In the years to come, sign bans in municipalities all over the country were overturned. But not in Oak Park. The village still wanted to do everything possible to promote integration; they kept the ban in the municipal code, but stopped enforcing it as an actual ordinance, knowing it would be defeated if challenged in court. Instead, the village began treating the sign ban as more a village norm than a law — not technically enforced, but strongly encouraged. (Neighboring Forest Park took a similar tack, continuing to honor their unenforceable local sign ban. But that’s a different story.)
Today, local real estate agents have a long-standing agreement with Oak Park not to post signs.
“I think many in the Realtor community have come to believe that the lack of signs has not particularly damaged their business,” says Jane McClelland, president of the Oak Park Area Association of Realtors. “Especially now, when real estate apps can automatically identify all homes in proximity to wherever you are located.”
McClellan adds that the local board complies with the sign ban because it is still technically a village ordinance.
“I’m sure there are local real estate agents that would disagree and would prefer to post signs, but in general, the Oak Park Area Association of Realtors’ position is that we cannot pick and choose which ordinances with which we wish to comply,” she says. “Personally, it just doesn’t feel right to start dismantling, piece by piece, a human rights program that served our town so well, and helped to make it a desirable destination for many home buyers.”
Cedric Melton, Director of Community Relations for the Village of Oak Park, says the only people who violate the unofficial ban are out-of-town real estate agents and the occasional homeowner selling their own house. That happens a few times a year, and when it does, it’s Melton’s job to call whoever posted the sign and persuade them to take it down.
“I’ll explain to them that the local board does not put up signs because of the historic symbolism, and hopefully they’ll take it down. I let them know that the Supreme Court has ruled that you can put a sign up if you want to, but you will receive many, many calls from residents who will be in opposition to that sign,” says Melton. “And in almost all the cases they say to me ‘Well I’m going to do exactly what your local board is doing, I want to be in lockstep with them. … I’m going to take it down and use alternative methods.’”
Get your laws off my lawn
It’s hard to find Oak Parkers who are opposed to the sign ban, and even harder to get them to go on the record. But we found one resident who’s not very happy about it, and who was willing to speak on condition of anonymity. (He’s a corporate attorney and he doesn’t want his opinion reflecting on his boss in anyway; plus, he’s active in the Oak Park community and he doesn’t want to be that guy always complaining about the sign thing.)
Let’s call him Max Signage.
A few years ago, Signage moved from one end of town to the other. He wanted to put up a sign, but he knew that would lead to phone calls and complaints from neighbors, and he just didn’t want to deal with the backlash. To Signage, going without a sign felt like a missed opportunity.
“The 1,000 or 2,000 or however many cars that drive by that very busy street in Oak Park every day would be exposed to thinking ‘Oh gosh, there’s a pretty nice house, I didn’t know that was on the market,’” he says. “The more people you have who are potential buyers, the more chance you have of getting a better price for your house.”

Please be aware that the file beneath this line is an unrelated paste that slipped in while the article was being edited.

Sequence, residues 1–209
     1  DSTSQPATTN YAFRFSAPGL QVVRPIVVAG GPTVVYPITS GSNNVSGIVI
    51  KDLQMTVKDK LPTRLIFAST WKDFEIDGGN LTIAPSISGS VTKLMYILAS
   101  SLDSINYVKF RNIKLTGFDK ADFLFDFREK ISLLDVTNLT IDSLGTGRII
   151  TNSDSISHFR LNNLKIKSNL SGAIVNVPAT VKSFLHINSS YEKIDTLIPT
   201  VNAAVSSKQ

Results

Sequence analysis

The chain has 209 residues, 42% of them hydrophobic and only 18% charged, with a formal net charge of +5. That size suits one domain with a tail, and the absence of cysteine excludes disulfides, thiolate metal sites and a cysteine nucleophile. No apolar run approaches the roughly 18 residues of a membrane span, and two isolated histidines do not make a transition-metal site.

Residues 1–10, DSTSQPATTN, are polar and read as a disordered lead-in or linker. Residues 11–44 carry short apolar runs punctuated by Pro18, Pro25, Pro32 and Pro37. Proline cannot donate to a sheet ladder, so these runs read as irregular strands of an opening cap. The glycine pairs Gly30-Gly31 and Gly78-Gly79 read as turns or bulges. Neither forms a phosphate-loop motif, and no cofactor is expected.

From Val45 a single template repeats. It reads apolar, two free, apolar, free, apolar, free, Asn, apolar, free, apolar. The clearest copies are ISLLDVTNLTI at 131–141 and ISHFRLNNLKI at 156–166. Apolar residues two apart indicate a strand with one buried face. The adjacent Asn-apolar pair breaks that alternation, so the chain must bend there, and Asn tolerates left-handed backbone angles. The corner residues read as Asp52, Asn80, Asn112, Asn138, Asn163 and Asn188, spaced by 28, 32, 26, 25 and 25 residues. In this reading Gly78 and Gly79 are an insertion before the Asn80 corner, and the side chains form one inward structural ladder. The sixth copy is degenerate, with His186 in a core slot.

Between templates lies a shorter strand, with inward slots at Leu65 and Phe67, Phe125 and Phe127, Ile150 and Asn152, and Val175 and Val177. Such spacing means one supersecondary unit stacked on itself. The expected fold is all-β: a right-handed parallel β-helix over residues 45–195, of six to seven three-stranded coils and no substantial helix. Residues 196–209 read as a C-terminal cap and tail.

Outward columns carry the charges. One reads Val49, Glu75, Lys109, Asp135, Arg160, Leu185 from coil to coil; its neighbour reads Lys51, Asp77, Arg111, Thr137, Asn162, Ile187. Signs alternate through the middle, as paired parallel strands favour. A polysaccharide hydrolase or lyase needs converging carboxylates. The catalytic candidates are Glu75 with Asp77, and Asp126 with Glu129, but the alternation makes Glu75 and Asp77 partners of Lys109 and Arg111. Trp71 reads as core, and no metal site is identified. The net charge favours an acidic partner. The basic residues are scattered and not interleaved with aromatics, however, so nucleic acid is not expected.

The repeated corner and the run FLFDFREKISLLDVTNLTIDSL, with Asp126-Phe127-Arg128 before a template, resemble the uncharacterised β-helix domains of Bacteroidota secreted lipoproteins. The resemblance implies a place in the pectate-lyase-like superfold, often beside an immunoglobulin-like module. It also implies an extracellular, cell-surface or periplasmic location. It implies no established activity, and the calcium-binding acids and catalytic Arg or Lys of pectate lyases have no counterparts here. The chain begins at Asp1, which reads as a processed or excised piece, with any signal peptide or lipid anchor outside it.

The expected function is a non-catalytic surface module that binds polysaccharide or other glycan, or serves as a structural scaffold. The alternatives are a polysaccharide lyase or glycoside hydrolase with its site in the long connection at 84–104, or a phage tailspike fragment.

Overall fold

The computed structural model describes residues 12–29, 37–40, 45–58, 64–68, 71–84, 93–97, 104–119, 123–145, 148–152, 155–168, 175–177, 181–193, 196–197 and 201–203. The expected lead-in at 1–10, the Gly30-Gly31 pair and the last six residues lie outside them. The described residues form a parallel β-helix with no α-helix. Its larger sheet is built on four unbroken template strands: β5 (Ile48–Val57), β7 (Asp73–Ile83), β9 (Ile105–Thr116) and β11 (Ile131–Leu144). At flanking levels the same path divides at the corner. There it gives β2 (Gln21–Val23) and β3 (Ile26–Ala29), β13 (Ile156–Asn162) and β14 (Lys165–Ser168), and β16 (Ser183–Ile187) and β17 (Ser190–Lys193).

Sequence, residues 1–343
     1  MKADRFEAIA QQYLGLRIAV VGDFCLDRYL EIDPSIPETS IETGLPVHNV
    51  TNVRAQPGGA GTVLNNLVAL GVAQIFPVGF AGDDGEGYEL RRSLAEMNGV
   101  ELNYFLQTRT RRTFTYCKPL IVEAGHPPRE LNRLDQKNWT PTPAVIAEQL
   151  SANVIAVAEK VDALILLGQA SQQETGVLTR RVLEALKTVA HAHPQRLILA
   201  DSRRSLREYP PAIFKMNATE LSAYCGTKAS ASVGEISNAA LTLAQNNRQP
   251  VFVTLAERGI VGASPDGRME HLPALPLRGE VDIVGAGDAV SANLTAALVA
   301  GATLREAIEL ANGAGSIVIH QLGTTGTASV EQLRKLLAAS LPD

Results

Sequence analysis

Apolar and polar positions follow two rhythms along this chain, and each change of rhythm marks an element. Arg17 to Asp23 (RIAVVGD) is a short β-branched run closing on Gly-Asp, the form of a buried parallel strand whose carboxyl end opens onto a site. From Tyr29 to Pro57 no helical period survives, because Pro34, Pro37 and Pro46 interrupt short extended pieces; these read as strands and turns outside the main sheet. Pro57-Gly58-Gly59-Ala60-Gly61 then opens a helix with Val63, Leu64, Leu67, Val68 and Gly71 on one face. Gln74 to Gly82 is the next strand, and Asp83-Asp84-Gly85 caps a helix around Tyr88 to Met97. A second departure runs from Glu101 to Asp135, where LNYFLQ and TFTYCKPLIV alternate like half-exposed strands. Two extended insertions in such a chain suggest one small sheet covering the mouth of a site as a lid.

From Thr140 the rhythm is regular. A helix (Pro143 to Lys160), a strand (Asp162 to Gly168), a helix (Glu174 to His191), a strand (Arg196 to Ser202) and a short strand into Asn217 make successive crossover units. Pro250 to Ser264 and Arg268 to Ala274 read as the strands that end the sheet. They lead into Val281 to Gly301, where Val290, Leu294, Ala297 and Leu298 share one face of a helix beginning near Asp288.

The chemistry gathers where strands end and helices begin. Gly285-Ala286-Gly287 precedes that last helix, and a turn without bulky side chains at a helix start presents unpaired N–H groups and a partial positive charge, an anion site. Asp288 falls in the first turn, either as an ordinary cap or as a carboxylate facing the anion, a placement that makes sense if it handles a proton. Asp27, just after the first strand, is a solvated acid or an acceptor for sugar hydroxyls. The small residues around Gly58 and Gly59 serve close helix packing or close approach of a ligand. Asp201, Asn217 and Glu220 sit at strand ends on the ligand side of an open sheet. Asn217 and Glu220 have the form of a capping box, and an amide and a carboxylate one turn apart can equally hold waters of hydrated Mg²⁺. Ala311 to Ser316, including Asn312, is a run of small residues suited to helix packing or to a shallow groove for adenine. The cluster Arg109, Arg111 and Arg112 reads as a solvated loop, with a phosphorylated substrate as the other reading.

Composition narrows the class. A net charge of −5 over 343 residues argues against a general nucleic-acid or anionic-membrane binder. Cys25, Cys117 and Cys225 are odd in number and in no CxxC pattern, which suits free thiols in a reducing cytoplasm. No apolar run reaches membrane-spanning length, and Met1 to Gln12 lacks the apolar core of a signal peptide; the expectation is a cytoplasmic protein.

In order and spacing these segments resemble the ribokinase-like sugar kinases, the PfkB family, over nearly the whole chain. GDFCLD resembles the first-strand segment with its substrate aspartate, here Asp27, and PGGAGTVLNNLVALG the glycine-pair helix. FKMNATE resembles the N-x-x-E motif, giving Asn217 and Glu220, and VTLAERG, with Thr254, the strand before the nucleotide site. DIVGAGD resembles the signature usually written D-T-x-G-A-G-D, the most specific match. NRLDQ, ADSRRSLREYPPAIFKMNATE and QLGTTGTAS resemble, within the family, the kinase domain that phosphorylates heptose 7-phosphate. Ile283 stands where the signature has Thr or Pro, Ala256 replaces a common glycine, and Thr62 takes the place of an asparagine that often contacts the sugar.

In the end, Signage chalks up the sign ban to good intentions and a small town mentality.
“It is an idea that the community is a little bit more than you. And some of that I understand, and some of that, like with the ban, I have problems with,” he says. “It may have been that the sign ban worked back in the ‘60s or ‘70s; I don’t know that it is doing much at this point, other than driving me crazy by having an unconstitutional law on our books.”
Long live the sign ban?
The relevance of the sign ban today is up for debate. Is it an outmoded relic of Oak Park’s diversity strategy? Or is it still a useful tool for maintaining and promoting integration?
One thing is certain: The sign ban is not the cornerstone of Oak Park’s diversity strategy. Rather, it’s one among many measures taken to promote integration, and a public symbol of the village’s decades-long fight for diversity.
That fight that is far from over, because while blockbusting may be a thing of the past, segregation in the suburbs is not.
Consider Oak Park’s neighbors: Maywood is mostly African American. Cicero is mostly Latino. Elmwood Park is mostly white. Some of these places have grown more segregated in the last 20 years. Other suburbs are projected to segregate even more in years to come.
Meanwhile, Oak Park has become more diverse over the last few decades. While other towns’ populations tend to cluster by race, the village is geographically integrated. Demographically, its population mirrors that of the larger region, although Latinos are underrepresented.
“The country hasn’t got it yet, so [Oak Park is] not going to have it all,” says Melton. “But I think we do quite a bit more than most municipalities and communities do, because we’re constantly pushing people.”
In terms of policy, “constantly pushing” translates to: Oak Park’s one-on-one diversity training; the 4th of July Diversity Parade; the cross-cultural discussion program Dinner & Dialogue; housing counseling that discourages renters and homeowners from self-segregating; and a full-time village staffer (that’s Melton) to address rumors and conflicts that may stoke racial tensions between neighbors.
“Look around the country. We still have race as our biggest factor that continues to divide us. That’s a reality,” Melton says. “And so that lets you know, you can’t stop this kind of work. You’ve gotta continue promoting diversity. It just doesn’t happen on its own.”
More about our questioner
Elizabeth Brigham is the mother of two young boys — ages four and two and a half. When it came time to choose a new neighborhood, she and her husband knew they wanted to live in a diverse place. Oak Park immediately sprang to mind.
“I feel like diversity is embraced here. Not just racial diversity, but sexual orientation, family makeup, cultural diversity,” she says. “That’s something that we really want to afford our children.”
Brigham is also a specialist in marketing and product strategy, which is part of what drew her to this question. In a competitive industry like real estate, the absence of advertising seemed strange. But after hearing the full answer to her question, she’s not surprised that the ban has survived for so long.
“The Realtors here really need to understand their market and their community,” she says. “And as a marketer, it would be detrimental to your strategy to put out that sign because you don’t want to be seen as someone who’s coming in and interrupting the flow. You want to be seen as someone who’s part of that community.”
Steven Jackson is a freelance reporter and producer. Follow him @jeven_stackson. When you’re done doing that (it won’t take long), check out his work at www.stevenjacksonstories.com.